The on-stage acts are supported by an eight-piece musical ensemble. The live music reflects the diverse music of multiple areas and genres. From Parisian arias to classical music to Spanish Guitar, the music of Cortéo sets the scene and the mood throughout the show. The musicians themselves are at the base of the stage in four separate areas. (FamilyFunFact: The musicians cannot see each other or the stage. They are guided by the musical director through headsets.)

The show travels with a backstage crew of 34 technicians that includes four wardrobe assistants, carpenters, riggers, coaches, medical physiologists, and more. The set was designed specifically for Cortéo as most Cirque du Soleil shows are not in-the-round. The central curtains depict the “Cortéo Procession”. They were hand painted in France. They were inspired by diverse artists (Willette, Picasso, Tiepolo, Pelez and Knight) and done in a Baroque style. Two backstage areas flank the main stage and a unique transit-system is used to move the artists from one side of the stage to another.

Cortéo is truly a FamilyFun event. FamilyFunPittsburgh recommends Cortéo for children six and up. The show runs two hours with a twenty minute intermission. The second act is shorter than the first. The performance kept the children in the audience enthralled. FamilyFunPittsburgh suggests getting aisle seats with easy access (not on the floor) if sitting for an hour is a problem for your children. You can get up and move around if need be.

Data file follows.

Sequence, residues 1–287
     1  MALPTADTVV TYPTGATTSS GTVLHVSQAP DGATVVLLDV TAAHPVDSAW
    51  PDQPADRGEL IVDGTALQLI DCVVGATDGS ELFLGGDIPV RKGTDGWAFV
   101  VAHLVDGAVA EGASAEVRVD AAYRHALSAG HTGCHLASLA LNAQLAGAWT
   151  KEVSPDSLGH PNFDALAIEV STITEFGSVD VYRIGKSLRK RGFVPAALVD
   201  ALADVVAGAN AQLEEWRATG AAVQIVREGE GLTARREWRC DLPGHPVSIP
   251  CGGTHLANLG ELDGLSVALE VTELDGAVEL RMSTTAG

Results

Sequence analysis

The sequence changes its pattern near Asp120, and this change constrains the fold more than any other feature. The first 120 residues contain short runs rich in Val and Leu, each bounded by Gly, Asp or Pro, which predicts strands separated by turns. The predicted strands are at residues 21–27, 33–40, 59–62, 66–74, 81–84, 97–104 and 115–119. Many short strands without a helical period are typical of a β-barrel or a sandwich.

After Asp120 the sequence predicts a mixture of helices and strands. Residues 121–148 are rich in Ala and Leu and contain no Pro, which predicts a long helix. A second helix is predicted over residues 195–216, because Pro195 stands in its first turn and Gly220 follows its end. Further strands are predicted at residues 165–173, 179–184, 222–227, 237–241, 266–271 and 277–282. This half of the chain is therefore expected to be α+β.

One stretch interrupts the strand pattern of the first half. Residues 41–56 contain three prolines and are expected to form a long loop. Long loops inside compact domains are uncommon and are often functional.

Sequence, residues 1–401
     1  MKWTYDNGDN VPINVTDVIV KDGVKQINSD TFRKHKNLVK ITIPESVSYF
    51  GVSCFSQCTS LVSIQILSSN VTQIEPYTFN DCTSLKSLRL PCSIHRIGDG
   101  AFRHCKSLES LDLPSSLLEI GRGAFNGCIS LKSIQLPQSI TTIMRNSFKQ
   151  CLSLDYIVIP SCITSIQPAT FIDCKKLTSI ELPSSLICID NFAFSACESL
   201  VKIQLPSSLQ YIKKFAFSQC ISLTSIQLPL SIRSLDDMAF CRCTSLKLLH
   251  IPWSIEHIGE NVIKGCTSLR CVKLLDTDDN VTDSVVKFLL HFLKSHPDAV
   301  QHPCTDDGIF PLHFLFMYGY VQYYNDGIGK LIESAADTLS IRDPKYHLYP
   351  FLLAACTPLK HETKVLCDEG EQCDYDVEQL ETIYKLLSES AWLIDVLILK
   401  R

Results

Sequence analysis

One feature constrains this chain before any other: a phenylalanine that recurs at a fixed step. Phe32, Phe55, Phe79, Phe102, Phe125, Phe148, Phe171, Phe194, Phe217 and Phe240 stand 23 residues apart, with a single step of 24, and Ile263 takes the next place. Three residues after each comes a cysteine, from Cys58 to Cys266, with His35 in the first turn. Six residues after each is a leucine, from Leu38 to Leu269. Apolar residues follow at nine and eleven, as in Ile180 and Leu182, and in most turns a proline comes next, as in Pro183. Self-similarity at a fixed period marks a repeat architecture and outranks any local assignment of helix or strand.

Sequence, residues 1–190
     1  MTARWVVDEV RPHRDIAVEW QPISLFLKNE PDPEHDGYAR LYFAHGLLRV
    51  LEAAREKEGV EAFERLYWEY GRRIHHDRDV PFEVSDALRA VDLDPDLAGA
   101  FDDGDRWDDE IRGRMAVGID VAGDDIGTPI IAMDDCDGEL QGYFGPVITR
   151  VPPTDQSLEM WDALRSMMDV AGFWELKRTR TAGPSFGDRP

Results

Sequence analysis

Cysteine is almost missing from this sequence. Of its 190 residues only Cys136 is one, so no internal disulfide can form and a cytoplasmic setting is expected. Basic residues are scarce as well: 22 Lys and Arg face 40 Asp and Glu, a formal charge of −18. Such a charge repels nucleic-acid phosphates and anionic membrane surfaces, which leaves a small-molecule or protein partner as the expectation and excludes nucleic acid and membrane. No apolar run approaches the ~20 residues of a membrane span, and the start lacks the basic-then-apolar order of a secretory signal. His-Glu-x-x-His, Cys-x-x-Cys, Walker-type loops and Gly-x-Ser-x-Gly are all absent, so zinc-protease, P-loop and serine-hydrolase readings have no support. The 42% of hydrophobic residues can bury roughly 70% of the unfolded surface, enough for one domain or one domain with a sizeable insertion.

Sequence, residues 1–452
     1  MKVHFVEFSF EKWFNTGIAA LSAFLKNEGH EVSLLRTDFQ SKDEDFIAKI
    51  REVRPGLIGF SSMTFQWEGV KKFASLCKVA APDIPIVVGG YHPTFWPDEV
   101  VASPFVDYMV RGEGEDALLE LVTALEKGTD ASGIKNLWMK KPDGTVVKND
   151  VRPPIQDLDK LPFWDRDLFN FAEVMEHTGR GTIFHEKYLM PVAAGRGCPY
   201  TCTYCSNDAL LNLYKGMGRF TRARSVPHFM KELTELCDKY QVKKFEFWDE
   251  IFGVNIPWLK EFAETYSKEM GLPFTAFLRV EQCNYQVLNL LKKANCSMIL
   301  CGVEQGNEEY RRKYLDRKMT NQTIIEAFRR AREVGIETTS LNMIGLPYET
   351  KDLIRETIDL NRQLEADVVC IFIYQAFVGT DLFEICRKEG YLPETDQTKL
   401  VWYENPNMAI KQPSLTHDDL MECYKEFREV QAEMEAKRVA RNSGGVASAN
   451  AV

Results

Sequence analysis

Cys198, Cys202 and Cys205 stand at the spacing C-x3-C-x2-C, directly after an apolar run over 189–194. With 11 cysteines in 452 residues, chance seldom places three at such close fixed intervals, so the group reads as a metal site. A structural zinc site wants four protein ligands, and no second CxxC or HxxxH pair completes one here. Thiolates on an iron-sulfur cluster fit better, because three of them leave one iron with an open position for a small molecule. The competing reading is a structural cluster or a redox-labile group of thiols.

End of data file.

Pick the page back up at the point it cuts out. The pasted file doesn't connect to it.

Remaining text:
There were limited amenities open in PPG Arena for the show. The Key Club was open with some food options including pizza, nachos, sandwiches, ice cream, and popcorn. Both alcoholic and non-alcoholic beverages are available. Parts of the PPG Arena concourse are blocked off as they are “backstage” areas to accommodate the in-the-round staging. Bathroom lines got long in the early minutes of the intermission but were manageable in the last ten minutes with little to no waiting. There are two Cirque du Soleil souvenir stands. They were not crowded before the show but had lines after the show.

Cortéo plays at PPG Arena January 16th through the 20th. Showtime on Wednesday the 16th, Thursday the 17th, and Friday the 18th is at 730PM. Show times on Saturday the 19th are 330PM and 730PM. Show times on Sunday the 20th are 100PM and 500PM. Tickets range in price from $54 per person to $140 per person. Tickets can be purchased online or at the Box Office.

There is public parking at the Arena. You can reserve priority parking at the PPG Parking lots when you buy your tickets online. There are also privately-run lots along Fifth Avenue. If you are lucky, you may be able to find street parking in the area. Port Authority Buses 61A,B,C,D and 71A,C, and D and the 81, 81B, and 83 all stop nearby. The closest T station is Steel Plaza. PPG Arena is located at 1001 Fifth Avenue, Pittsburgh PA 15219. To buy tickets to Cortéo: https://www.ticketmaster.com/cirque-du-soleil-corteo-tickets/artist/30809?brand=ppgpaintsarena&venueId=180938